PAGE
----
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TANSTAAFL applies in all cases in life and another cliche that if it seems too good to be true........... The fact is the unintended consequence of liberals wanting to "help" you ends up hurting you most of the time. By making "free" money available so easily they drove the price thru the roof, there is no exemption to this market force. Since great deals of money were made available the price had to inflate and strangely enough the amount one will make by getting the degree never factored into the equation and many default on their loans. When I was younger if you worked hard all summer and saved every penny you could pay for your school with a little help from your parents and even people of modest means could afford it. No so these days and so many really can't figure it out. Wonder where they went to college? had to be a place where common sense was frowned upon and pies fell from the skies.
The reality is only the wealthy can truly afford college, regardless of public or private. Universities don't care about tuition rates as they know most students will just take out loans and be left holding the bag come graduation. Students really need to scrutinize and understand the future financial impact of what they are getting into when making the decision to attend college. That is a lot to ask of an 18 year old fresh out of high school when the norm has always been to just "go to college". Given the outrageous tuition rates, the norm needs to be re-evaluated.
More administrators and retired professors with offices and staff = higher tuition.
"Schwab wanted to minimize debt, so he got a job. He works 40 hours a week while taking a full course load." XXXXXXX Bravo for this young man! No one wants to pay for tution anymore by getting a job. Most people want the taxpayer to pick up the tab, period. Well, taxpayers have to live too while making house and car payments and attempting to save for retirement.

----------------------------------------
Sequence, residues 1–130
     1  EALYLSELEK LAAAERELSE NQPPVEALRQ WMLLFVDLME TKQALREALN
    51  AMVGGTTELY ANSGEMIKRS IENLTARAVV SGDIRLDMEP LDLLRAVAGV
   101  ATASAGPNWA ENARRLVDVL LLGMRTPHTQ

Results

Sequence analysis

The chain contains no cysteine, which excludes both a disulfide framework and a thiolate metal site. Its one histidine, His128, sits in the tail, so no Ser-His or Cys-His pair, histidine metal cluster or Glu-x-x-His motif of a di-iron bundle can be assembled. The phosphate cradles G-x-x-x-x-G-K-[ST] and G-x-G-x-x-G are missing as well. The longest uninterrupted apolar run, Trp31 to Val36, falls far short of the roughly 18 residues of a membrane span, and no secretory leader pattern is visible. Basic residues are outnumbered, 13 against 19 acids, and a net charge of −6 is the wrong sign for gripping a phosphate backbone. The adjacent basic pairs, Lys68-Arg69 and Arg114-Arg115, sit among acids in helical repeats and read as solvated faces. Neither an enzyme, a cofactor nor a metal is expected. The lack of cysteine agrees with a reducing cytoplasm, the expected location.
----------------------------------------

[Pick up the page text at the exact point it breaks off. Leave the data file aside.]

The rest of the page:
Universities need to get thier expenses under control so they don't have to keep raising tuition.
Get a part time job!
As is so often the case, it's the law of unintended consequences at work. The fact that the cost of a college education and degree (including at the U) has vastly outpaced the overall inflation rate is not in the least bit surprising. There is simply way too much money - bolstered in no small part to well-meaning government-aided grant and loan support - chasing the available sources of that education. Small wonder why the costs keep going up, far surpassing the overall inflation rate,
When tuition almost triples in twelve years what else do they expect? It costs a resident $13,000 now to go to the U. In the 2000-01 school year it cost $4,400. The U needs to learn to CUT costs over raising tuition by 5-10% every year. Also, instead of arguing about student loan interest rates, our politicians needs to start addressing the actual cost of higher education. Currently they are addressing the symptoms, not the root cause. If I have a hole in my gas tank, I don't keep filling it up with gas to try to solve the problem (decreasing interest rates), I fix the hole in the gas tank (actually lower college costs).
whatzit -- What you described is so true! I still remember the days when I attended the University of Minnesota. Even though my parents were barely making it -- with Three children attending the U of M at the same time -- NONE of us kids qualified for any Financial Aid. Not even Federal Student Loans. Back then, our family was considered "Too Rich" to be helped. After we were treated like "Dirt" by the Financial Aid office, and told that we shouldn't bother applying again, we just didn't. Today, none of us feel any sympathy for the U of M, even though were proud Alumni. Maybe the school needs to STOP constructing so many Expensive, but Useless, Buildings, Stadiums, etc. And even if we did give more money to the U of M, it would probably only go towards funding another useless contruction project. Maybe help INCREASE the Tuition Costs at the U of M even more. Uh, Oh! That is what happened after all of us had graduated, and Federal Student Loans became widely available. In hindsight, our years at the U of M were a big family financial struggle, but at least none of us kids graduated with any debt.
Great post whatzit
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